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With One Month To Go, Groups Push To Raise Funds For Exit 4 Land

Steve Zind
If Preservation Trust does not raise $1 million by June 15 to purchase a 22.5-acre parcel near a larger property that is planned for preservation, developer Jesse Sammis says he'll pursue building a hotel on the land.

An effort to preserve 22.5 acres of land just off the Randolph exit of Interstate 89 has just under a month to finish raising $1 million. 

Organizers say they’ve raised $430,000 to date to preserve the Exit 4 land.

“We’re really pleased,” says Paul Bruhn, executive director of Preservation Trust of Vermont. Bruhn acknowledges that it will be a challenge to meet the deadline.

“I think we have a real path to our goal,” he says. “Getting there will not be easy. There are a lot of great causes in Vermont. We think this is one of them.”

Bruhn says the money has come from many small individual donors, along with a handful of large commitments in the range of $50,000 to $100,000.

Last month, conservation groups announced an agreement to purchase 149 acres that includes high-quality agricultural land at Exit 4 from developer Jesse Sammis, who had proposed a massive multi-use project there. The land was purchased by the Montpelier-based Castanea Foundation.

Preservation Trust was given the opportunity to purchase an additional 22.5-acre parcel for $1 million, if the money is raised by June 15. At the time of the announcement, Bruhn said the group had already received pledges of $150,000.

Bruhn estimates more than 200 donations have been received so far. He is coordinating efforts to solicit large donations.

“A lot of this involves putting requests out and giving people an opportunity and time to consider the requests,” he says.

Bruhn says Preservation Trust, Vermont Natural Resources Council and Conservation Law Foundation are also reaching out to supporters and members.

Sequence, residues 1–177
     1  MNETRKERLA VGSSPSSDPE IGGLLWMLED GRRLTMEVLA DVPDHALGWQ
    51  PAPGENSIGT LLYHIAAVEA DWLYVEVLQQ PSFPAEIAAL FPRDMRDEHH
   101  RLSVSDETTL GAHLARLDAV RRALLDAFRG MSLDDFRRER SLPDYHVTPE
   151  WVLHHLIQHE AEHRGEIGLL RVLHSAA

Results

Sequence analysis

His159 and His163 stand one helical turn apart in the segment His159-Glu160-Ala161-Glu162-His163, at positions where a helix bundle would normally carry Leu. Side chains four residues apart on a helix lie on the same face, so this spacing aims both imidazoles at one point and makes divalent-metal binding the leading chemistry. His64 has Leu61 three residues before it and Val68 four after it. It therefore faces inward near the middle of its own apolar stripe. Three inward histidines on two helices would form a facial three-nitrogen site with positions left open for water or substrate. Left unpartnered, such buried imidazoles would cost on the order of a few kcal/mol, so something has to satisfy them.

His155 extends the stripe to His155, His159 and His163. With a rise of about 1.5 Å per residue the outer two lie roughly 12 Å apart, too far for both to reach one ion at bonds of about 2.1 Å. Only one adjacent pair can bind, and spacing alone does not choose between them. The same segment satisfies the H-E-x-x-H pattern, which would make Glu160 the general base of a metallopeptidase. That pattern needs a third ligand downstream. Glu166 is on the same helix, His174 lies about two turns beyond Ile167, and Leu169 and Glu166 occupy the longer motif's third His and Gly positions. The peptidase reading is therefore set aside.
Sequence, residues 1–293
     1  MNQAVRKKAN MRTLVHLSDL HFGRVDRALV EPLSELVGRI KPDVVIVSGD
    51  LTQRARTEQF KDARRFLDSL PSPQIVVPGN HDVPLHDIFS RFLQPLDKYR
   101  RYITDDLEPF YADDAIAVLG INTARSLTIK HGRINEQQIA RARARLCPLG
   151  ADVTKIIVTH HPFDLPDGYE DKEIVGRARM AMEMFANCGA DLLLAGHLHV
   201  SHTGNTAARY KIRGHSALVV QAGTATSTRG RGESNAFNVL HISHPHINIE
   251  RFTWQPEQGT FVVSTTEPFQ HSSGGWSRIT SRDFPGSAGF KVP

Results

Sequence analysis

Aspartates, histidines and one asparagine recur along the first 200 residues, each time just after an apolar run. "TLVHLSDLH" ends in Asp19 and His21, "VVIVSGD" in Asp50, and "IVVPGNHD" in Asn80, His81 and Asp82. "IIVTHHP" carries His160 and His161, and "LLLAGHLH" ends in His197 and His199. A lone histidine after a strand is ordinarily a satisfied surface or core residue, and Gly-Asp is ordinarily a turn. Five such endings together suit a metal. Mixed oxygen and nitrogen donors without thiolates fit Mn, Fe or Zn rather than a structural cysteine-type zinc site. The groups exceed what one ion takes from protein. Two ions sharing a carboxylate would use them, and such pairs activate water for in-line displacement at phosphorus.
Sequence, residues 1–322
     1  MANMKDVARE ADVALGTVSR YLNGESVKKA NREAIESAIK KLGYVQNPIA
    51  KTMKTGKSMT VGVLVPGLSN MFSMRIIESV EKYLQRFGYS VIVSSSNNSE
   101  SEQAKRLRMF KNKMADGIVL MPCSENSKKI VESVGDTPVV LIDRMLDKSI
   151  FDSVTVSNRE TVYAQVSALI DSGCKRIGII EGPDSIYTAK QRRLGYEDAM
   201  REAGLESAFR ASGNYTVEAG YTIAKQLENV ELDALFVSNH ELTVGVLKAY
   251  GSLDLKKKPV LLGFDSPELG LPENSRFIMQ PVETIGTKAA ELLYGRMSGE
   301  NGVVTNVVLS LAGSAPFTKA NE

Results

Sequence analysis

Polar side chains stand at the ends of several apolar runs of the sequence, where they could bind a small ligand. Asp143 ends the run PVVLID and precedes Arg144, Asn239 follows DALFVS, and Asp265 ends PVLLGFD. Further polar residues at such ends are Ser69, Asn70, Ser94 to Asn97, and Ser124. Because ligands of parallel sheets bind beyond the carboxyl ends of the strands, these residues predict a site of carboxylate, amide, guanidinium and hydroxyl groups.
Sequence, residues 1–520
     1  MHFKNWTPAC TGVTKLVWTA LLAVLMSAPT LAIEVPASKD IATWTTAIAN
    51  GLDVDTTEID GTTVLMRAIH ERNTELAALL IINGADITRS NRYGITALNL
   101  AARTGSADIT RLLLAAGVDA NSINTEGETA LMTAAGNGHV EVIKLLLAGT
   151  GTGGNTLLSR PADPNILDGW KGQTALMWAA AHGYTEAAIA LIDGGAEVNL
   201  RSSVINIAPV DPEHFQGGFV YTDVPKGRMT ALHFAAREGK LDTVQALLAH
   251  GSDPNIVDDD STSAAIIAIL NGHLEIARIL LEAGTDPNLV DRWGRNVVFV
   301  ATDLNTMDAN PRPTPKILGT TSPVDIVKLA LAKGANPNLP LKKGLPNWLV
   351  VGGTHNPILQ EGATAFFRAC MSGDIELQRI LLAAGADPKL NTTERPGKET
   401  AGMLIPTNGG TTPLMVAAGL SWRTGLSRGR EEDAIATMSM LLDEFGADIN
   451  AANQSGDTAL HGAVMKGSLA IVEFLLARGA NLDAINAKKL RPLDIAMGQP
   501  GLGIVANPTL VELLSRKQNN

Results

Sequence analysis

On the local level, the group Exit 4 Open Space is soliciting contributions from Randolph area residents.

The group is sending out letters and planning a number of fundraising events in coming weeks, according to Marjorie Ryerson of Randolph.

“We’ll just keep working until the final hour, which is 5 p.m. on [June] 15,says Ryerson.

She says the land purchase will accomplish a number of goals.

"This isn't just about how pretty it is to look out over that land and to honor the long tradition of farmland in countryside with strong villages," Ryerson says. "This is also looking out for generations to come that will be dependent on growing their food here."

At last month's announcement, Sammis said he would pursue building a hotel on the land if the deadline isn't met.

Donations are tax-deductible and will be returned if the goal is not met. They can be made online through Preservation Trust of Vermont or Exit 4 Open Space. Checks can also be sent to Preservation Trust of Vermont, 104 Church St, Burlington VT 05401.

Steve has been with VPR since 1994, first serving as host of VPR’s public affairs program and then as a reporter, based in Central Vermont. Many VPR listeners recognize Steve for his special reports from Iran, providing a glimpse of this country that is usually hidden from the rest of the world. Prior to working with VPR, Steve served as program director for WNCS for 17 years, and also worked as news director for WCVR in Randolph. A graduate of Northern Arizona University, Steve also worked for stations in Phoenix and Tucson before moving to Vermont in 1972. Steve has been honored multiple times with national and regional Edward R. Murrow Awards for his VPR reporting, including a 2011 win for best documentary for his report, Afghanistan's Other War.
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